Can an HOA and their attorney be sued for FDCPA violations?

Asked over 2 years ago - Orlando, FL

I was sued by my HOA for non payment whIle in the middle of a deed in lieu and they attempted to foreclose.. Both the Bank and I completed the deal to include full and final payment to the HOA to release the lien. The HOA continued the foreclosure action, sold the home and filed a judgement against me even though the HOA received the check and the deed in lieu agreement was signed a year and a half before!! Is this not illegal? PS. the home was still under my name because the bank failed to satisfy the mortgage ( which in Florida is a misdemeanor!) and I am now receiving letters from code enforcement about the property and its condition.

Attorney answers (3)

  1. Preston Hall Oughton

    Pro

    Contributor Level 11

    Answered . Any debt collector can be held accountable for violations under the FDCPA. The definition of a debt collector under the FDCPA clearly defines the collector of a debt. You should contact an attorney regarding this matter.

    This response does not create an attorney-client relationship. Unless you are already a client of the Law Office of Preston H. Oughton, pursuant to an executed fee agreement, you should not use, interpret, or rely on this response as legal advice or opinion. Do not act on any information in this response without seeking legal advice. Preston H. Oughton poughton@oughtonlaw.com (904) 854-6336.

  2. Barbara Billiot Stage

    Pro

    Contributor Level 20

    Answered . You are part of a large group of people facing the same problem. You give your home to the bank, but until the bank takes title you are still the legal owner and responsible for any dues that continue to accrue. While the HOA received the check, it is entitled to receive the dues that accrue and actually need them to maintain the association since they rarely have any other source of income.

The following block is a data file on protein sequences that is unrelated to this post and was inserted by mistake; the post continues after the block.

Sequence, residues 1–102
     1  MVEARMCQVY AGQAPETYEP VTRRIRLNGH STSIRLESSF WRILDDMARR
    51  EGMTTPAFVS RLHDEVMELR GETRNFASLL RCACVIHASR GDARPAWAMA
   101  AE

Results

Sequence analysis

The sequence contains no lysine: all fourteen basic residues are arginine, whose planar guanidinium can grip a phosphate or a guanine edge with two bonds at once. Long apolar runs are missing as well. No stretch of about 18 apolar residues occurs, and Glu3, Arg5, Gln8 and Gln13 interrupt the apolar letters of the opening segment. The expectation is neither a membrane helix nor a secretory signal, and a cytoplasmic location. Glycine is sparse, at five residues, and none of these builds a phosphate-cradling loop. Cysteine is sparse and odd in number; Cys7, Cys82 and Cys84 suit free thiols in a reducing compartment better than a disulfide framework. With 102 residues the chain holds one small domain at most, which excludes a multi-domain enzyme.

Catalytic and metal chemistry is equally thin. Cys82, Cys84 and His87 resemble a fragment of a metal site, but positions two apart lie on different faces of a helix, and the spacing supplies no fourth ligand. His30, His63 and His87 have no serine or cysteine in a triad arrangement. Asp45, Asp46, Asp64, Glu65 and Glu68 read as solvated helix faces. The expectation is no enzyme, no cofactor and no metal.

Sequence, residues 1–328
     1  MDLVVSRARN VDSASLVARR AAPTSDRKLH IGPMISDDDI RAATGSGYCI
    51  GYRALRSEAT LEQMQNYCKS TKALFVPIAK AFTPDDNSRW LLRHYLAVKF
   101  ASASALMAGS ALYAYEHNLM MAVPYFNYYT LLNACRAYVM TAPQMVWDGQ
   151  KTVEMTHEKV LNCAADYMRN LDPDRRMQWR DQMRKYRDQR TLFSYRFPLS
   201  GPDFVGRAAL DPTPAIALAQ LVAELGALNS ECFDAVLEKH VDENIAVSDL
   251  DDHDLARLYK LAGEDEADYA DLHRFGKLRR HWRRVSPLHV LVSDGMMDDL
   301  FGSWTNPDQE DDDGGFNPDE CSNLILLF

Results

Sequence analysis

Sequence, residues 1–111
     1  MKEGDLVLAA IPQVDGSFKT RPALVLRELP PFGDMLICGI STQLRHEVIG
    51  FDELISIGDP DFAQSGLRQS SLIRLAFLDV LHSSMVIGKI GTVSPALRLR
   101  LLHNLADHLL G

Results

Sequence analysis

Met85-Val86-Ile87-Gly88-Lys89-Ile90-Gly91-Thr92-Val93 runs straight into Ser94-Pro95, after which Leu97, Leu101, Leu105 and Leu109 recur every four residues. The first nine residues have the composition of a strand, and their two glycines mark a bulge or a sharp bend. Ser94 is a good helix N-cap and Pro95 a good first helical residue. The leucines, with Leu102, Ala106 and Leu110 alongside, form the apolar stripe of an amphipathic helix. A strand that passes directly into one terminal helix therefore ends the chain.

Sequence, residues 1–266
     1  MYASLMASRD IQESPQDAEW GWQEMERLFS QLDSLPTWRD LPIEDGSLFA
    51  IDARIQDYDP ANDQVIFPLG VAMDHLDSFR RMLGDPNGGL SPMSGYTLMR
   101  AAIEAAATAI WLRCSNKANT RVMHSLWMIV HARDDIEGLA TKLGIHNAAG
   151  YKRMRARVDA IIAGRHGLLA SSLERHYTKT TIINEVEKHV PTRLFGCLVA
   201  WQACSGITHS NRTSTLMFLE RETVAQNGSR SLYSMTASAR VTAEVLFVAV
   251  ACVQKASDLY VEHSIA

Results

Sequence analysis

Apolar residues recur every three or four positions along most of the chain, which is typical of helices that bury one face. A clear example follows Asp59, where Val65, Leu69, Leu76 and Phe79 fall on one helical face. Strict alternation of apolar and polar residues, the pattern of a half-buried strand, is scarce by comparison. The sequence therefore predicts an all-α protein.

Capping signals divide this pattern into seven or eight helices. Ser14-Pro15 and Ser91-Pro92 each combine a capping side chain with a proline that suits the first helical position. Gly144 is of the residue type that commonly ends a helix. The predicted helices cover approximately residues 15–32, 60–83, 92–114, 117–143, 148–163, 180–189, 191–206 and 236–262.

The problem occurs when the HOA attepmts to collect because legally they can only go after the owner on the deed, which is you. Your dispute is actually with the bank for breach of contract.

    This communication is not intended to create an attorney/client relationship. It is always recommended you consult... more
  3. Royce Brent Bishop

    Contributor Level 16

    Answered . Yes, they can be sued, but you have bigger fish to fry first. First go see an attorney, this sound really messy and is too much to discuss on here. It sounds like you did make an agreement with the bank, but if you continued to live there, the HOA was/is trying to collect on the assesments that became due after they got their check and you continued to live there. This is how I'm interpreting your question. "Illegality"(for the misdemeanor) is a good claim and a good affirmative defense if this goes to a lawsuit. This type of misdemeanor, I don't recall it. I do criminal law, but it is not something prosecutors charge very often--probably never. But just about anything that is a criminal act can be brought as a civil action in a civil court if a prosecutor is not interested in prosecuting the criminal act. Like if you punch me and the prosecutor does not want to press charges, I can still sue you in civil court. I'm saying that you should use this misdemeanor of which you speak and run out as quick as you can and file a lawsuit. I'm saying go talk to an attorney and if there ever is a lawsuit, the misdemeanor may be a claim or defense if it gets to that point.

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